IJN Akigumo was lost to action on April 11th, 1944 during the fighting of World War 2.
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Some twenty-two warships of the Kagero-class destroyer group ("Destroyer Type-A") were originally planned by the rearming Imperial Japanese Navy prior to World War 2 (1939-1945). Eighteen emerged from a 1937 commitment and four more followed in 1939. The warships were part of a destroyer expansion program leading up to the Grand Conflict though only nineteen of the planned class were realized and one of these vessels became IJN Akigumo.
Akigumo was ordered on March 4th, 1939 and saw her keel laid down on July 2nd, 1940. She was launched on April 11th, 1941 and formally commissioned for service on September 27th, 1941.
As built, Akigumo displaced 2,530 tons and showcased a length of 388.8 feet, a beam of 35.5 feet and a draught of 12.5 feet. Installed power was from 3 x Kampon water-tube boilers feeding 2 x Kampon impulse turbines developing 52,000 horsepower and driving 2 x shafts under stern. primary armament were 6 x 127mm Dual-Purpose (DP) main guns in three twin-gunned turrets. The main guns were arranged with on turret over the forecastle and the remaining two over the stern. The guns were arranged as such to provide the best firing arcs available. Beyond this there was a collection of 25mm automatic cannons for Anti-Aircraft (AA) duties. Furthermore, 4 x 13mm machine guns were installed for point defense against aircraft. The warship was also fitted with 8 x 610mm (24") torpedo tubes and carried 36 depth charges for submarine hunting exercises.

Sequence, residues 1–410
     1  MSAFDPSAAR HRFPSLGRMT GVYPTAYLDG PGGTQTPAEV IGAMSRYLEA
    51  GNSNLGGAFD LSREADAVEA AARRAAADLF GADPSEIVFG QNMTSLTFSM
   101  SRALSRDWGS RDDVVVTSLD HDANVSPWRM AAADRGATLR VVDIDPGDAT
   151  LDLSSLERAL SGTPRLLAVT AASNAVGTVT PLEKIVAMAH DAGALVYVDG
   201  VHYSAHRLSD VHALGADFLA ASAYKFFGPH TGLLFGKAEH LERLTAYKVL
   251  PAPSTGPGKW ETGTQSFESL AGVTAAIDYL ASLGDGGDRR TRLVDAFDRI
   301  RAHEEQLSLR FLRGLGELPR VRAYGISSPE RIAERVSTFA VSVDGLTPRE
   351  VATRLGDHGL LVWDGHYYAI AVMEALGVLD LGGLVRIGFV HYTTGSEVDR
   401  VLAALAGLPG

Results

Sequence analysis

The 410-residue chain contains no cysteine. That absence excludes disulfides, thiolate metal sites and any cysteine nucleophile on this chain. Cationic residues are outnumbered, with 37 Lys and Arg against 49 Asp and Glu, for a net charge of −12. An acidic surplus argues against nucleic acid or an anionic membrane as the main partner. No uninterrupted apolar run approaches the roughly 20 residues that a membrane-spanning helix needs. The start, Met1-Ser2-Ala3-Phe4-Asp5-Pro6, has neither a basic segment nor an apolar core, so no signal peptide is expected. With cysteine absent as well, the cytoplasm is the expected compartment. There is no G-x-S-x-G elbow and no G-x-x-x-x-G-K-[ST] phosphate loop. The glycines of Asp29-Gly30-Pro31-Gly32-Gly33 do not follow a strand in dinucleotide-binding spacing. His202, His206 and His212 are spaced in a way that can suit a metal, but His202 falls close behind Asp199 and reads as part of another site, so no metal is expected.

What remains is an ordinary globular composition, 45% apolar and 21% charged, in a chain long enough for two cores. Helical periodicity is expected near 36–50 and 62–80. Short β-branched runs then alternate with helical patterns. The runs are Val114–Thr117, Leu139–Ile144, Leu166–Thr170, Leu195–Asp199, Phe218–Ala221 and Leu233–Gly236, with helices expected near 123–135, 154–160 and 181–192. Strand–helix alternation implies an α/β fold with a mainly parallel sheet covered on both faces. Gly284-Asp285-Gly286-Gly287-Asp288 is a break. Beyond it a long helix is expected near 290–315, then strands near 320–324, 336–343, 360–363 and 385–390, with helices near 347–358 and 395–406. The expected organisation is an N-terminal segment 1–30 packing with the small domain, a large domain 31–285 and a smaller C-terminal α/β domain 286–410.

The vessel's profile included two inline smoke funnels near midships and the bridge superstructure located forward of the forward-most funnel. Forward of the bridge was the first turret. The main mast was situated aft of the bridge superstructure. A secondary mast was fitted behind the second turret overlooking the stern.
IJN Akigumo was an active participant of the Japanese Attack on Pearl Harbor on December 7th, 1941, serving the fleet as an escort. The American carrier USS Hornet then fell to Akigumo and other Japanese warships after the Battle of the Santa Cruz Islands (October 25th - 27th, 1942) - a tactical victory for the Japanese. By 1944, Akigumo was outfitted with radar (Type 22 and E-27 series) and improved Anti-Aircraft (AA) weaponry to better her service capabilities.
The end of her career came on April 11th, 1944 when she received a torpedo to her side from the American Navy submarine USS Redfin. She sunk off the coast of the Philippines with all hands aboard. Just one Kagero-class destroyer lived to see the end of the war - this being IJN Yukikaze.